> Thanks for your input to the discussion. Can you suggest an appropriate term...traditional or otherwise...under which to classify the materials that introduce a variety of replicable local interruptions within otherwise recognized patterns about which Anthony asks? It seems reasonable to aspire at least some regularity of terminology in the craft and art to which we hope to attract new practioners, eh?
                                      >
                                      > Dave Graham
                                      > Estelline, SD
                                      >
                                      > "There's a crack in everything; that's how the light gets in!"
                                      > Leonard Cohen, "Anthem"
                                      >
                                      > "There's a crack in everything; that's how the light gets in!"
                                      > Leonard Cohen, "Anthem"
                                      >
                                      > On Aug 27, 2012, at 6:48 PM, irisnevins <irisnevins@...> wrote:
                                      >
                                      > > PS....Just have to add something very amusing, there is a very prolific composer (I am not sure he can even read or write music at all), named Paddy Fahey. He has composed at least 60 tunes, and he calls ALL of them "Paddy Fahey's". So does everyone else. There have been attempts to number them, and they appear on many tune sites and Irish music books (he doesn't seem to mind this at all, and has never published a book himself), but the numbering system, no one pays attention or even remembers. We just laugh when asked what the tune is and say "Paddy Fahey's". The only way we can identify it if we are wanting to start one off at a session (sort of an Irish music jam) and want the others to play with us, is to just start playing it and those that recognize it from memory will join in. We use no sheet music at these things.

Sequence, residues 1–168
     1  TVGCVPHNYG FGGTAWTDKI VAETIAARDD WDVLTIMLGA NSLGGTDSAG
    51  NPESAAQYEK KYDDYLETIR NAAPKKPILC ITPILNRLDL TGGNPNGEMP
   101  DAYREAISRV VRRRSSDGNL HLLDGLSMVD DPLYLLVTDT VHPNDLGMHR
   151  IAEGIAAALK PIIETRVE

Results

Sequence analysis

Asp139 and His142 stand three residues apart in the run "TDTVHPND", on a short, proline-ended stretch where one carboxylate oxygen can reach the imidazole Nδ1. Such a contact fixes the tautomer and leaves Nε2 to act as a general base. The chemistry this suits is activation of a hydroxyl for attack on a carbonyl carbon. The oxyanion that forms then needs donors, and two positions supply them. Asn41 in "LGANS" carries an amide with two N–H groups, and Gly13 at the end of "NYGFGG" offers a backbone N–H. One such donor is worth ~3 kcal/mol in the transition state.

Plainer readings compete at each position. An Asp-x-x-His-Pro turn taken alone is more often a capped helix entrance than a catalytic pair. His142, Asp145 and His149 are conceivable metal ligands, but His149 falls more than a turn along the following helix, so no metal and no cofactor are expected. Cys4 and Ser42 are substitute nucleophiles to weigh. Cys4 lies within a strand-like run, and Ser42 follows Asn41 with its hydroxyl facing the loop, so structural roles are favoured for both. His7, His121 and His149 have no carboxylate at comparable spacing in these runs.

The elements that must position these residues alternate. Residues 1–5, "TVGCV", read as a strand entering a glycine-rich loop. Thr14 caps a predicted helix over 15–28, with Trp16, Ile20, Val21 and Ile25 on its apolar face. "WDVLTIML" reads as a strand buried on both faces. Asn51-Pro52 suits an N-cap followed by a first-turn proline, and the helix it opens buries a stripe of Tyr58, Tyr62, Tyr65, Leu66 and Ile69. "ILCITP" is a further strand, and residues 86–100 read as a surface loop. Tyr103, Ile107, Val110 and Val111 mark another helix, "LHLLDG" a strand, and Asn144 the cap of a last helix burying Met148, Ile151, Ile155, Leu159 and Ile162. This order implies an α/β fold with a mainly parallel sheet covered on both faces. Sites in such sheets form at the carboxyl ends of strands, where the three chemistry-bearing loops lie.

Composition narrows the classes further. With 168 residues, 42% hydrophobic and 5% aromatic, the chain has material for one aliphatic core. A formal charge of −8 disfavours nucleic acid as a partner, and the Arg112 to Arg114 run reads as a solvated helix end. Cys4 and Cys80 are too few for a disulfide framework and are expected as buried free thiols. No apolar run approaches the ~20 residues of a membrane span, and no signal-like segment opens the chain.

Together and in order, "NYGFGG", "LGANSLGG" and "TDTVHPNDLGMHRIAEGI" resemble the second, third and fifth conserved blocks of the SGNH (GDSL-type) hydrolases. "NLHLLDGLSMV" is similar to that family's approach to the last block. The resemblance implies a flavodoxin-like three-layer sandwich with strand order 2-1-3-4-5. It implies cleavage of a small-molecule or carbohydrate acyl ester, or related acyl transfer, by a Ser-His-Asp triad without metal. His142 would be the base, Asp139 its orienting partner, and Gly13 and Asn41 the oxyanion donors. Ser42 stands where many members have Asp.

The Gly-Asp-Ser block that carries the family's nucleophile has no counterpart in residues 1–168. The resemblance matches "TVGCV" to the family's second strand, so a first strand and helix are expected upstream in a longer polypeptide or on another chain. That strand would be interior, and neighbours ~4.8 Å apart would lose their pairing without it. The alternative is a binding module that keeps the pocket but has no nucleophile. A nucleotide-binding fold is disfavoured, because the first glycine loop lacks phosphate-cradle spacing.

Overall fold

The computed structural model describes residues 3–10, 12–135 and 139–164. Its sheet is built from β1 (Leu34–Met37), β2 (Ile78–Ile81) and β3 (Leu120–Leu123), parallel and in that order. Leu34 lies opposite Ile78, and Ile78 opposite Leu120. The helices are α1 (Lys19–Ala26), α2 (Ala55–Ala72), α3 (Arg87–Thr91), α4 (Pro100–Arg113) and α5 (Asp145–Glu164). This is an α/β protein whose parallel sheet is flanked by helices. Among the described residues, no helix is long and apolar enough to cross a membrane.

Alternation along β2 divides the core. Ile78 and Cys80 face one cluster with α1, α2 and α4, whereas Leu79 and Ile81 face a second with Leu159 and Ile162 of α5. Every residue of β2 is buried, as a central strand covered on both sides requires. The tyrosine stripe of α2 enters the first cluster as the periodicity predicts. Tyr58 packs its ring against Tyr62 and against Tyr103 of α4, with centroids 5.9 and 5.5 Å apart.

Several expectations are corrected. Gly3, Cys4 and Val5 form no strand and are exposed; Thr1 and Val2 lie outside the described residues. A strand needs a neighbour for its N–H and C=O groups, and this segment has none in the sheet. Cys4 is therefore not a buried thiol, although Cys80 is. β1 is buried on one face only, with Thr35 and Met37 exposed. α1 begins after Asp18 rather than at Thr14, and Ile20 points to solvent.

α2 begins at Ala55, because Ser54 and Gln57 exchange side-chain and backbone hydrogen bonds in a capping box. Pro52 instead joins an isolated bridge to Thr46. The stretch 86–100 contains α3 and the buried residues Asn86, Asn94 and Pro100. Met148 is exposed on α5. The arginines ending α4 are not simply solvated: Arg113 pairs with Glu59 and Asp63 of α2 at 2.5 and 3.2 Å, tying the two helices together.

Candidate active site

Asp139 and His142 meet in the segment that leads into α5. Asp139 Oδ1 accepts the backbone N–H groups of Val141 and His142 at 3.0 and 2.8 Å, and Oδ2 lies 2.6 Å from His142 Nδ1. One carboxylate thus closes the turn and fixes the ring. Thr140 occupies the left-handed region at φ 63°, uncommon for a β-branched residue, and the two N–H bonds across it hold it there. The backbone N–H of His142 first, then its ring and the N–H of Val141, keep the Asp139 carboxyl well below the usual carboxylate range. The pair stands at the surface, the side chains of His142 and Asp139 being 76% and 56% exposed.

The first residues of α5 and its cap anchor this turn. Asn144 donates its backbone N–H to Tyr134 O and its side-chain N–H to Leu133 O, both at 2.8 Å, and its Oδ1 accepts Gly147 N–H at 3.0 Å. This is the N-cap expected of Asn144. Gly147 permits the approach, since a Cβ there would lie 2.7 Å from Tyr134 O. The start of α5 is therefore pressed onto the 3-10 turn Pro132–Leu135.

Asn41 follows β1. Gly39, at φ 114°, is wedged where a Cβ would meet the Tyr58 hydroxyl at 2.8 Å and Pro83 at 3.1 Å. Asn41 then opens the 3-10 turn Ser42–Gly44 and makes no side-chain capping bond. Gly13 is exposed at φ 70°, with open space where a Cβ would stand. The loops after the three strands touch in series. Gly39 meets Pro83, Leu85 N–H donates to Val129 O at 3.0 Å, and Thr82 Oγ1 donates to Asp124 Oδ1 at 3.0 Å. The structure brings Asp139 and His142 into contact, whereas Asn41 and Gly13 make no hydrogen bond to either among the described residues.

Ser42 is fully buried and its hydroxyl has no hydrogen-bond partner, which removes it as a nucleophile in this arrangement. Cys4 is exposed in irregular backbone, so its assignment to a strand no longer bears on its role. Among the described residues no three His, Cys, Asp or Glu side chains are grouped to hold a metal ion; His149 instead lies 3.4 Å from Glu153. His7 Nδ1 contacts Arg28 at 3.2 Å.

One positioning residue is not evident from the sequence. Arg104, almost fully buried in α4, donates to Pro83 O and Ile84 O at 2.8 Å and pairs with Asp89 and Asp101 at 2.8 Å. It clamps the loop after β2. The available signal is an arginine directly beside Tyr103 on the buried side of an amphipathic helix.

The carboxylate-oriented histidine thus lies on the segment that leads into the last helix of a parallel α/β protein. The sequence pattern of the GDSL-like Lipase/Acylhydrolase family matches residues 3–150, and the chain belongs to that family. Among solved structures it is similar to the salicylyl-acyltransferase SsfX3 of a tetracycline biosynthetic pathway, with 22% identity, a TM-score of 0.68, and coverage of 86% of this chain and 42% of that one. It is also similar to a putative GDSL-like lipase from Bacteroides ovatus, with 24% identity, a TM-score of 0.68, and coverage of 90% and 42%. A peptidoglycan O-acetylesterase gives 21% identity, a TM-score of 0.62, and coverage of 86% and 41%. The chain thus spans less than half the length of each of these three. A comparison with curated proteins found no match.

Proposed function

> >
                                      > > Trust me, marblers have it pretty easy when it comes to naming things!
                                      > >
                                      > > Iris Nevins
                                      > > www.marblingpaper.com
                                      > >
                                      > > On 08/27/12, irisnevins<irisnevins@...> wrote:
                                      > >
                                      > > It seems almost "Traditional" at this point to have differing names! Centuries worth.
                                      > >
                                      > > We go through the same with Irish traditional music, people playing the same tunes but having very often different names for them. In those circles it's considered part of the fun, I think to the point where people would refuse to agree to call them something else, say if some musical academic of some sort, maybe an "ethnomusicologist", said THESE, from now on will be the "proper" names, which shall be used in the future. They'd be laughed at frankly.